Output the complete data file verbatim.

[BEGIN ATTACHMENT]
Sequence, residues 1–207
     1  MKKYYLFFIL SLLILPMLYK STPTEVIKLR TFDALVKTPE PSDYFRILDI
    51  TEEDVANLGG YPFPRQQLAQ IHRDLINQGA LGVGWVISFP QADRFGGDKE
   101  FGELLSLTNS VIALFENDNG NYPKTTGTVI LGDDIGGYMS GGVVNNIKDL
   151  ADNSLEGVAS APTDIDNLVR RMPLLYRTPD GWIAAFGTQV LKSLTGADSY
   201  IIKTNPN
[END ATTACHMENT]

Sequence, residues 1–207
     1  MKKYYLFFIL SLLILPMLYK STPTEVIKLR TFDALVKTPE PSDYFRILDI
    51  TEEDVANLGG YPFPRQQLAQ IHRDLINQGA LGVGWVISFP QADRFGGDKE
   101  FGELLSLTNS VIALFENDNG NYPKTTGTVI LGDDIGGYMS GGVVNNIKDL
   151  ADNSLEGVAS APTDIDNLVR RMPLLYRTPD GWIAAFGTQV LKSLTGADSY
   201  IIKTNPN